Articles

democracy is not my faith

In authors, Books, christianity, church, Religion on June 14, 2007 by Eliacín

“I speak as a Christian- one whose commitment to democracy is very deep but whose Christian convictions are deeper. Democracy is not my faith. And American democracy is not my idol. To see the gospel of Jesus Christ bastardized by imperial Christians and pulverized by Constantinian believers and then exploited by nihilistic elites of the American empire makes my blood boil. To be a Christian- a follower of Jesus Christ- is to love wisdom, love justice, and love freedom. This is the radical love in Christian freedom and the radical freedom in Christian love that embraces socratic questioning, prophetic witness, and tragicomic hope.

If Christians do not exemplify this love and freedom, then we side with the nihilists of the Roman empire (cowardly elite romans and subjugated jews) who put Jesus to a humiliating death. Instead of receiving his love in freedom as a life-enhancing gift of grace, we end up believing in the idols of the empire that nailed him to the cross. I do not want to be numbered among those who sold their souls for a mess of pottage- who surrendered their democratic Christian identity for a comfortable place at the table of the American empire while, like Lazarus, the least of these cried out and I was too intoxicated with worldly power and might to hear, beckon, and heed their cries.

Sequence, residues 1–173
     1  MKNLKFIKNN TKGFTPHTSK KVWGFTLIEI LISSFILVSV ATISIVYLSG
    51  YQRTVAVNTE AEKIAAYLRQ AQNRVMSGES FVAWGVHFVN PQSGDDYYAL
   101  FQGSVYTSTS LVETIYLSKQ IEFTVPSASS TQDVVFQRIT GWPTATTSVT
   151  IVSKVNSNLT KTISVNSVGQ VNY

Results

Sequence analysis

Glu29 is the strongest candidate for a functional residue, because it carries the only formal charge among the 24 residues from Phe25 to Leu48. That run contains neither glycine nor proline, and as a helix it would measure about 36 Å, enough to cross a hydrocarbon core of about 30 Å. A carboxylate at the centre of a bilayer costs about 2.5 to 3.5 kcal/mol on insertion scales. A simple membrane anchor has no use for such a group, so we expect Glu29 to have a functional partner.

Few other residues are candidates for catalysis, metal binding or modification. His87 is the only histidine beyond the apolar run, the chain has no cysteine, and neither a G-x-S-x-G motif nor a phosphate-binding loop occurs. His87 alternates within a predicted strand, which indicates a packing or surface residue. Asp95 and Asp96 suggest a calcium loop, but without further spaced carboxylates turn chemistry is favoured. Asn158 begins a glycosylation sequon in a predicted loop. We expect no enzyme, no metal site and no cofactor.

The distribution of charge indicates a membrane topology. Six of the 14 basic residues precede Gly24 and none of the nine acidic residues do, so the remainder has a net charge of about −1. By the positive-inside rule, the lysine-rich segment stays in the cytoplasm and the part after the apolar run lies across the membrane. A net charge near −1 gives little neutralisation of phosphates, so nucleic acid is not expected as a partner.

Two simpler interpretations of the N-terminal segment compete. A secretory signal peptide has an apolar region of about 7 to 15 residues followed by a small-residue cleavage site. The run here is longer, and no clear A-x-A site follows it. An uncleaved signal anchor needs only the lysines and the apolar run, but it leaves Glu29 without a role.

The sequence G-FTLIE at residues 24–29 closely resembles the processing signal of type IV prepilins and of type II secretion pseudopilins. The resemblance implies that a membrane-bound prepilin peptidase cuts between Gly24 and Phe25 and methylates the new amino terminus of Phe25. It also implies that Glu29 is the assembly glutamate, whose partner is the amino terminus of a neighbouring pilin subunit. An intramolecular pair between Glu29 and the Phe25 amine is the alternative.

To be a Christian is to live dangerously, honestly, freely- to step in the name of love as if you may land on nothing, yet to keep on stepping because the something that sustains you no empire can give you and no empire can take away. This is the kind of vision and courage required to enable the renewal of prophetic, democratic Christian identity in the age of the American empire.”

-Cornel West

via Eugene Cho 

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3 Responses to “democracy is not my faith”

  1. I’m right there with you. So…what does that look like practically?

  2. i posted on this quote months ago here and still find it compelling. there is so much to unpack and i want it to be more than a nice soundbite… how can people intentionally carry out this conversation in some sort of ongoing basis?

  3. i think the logical temptation is to say we need to stop talking about it and do something. but, i disagree. i understand the criticism. talking about it will impact and shape our ability for critical thinking -> dialogue -> listening -> ideas -> worldview changes.

    the changes will be subtle but that’s where changes take place in my opinion.

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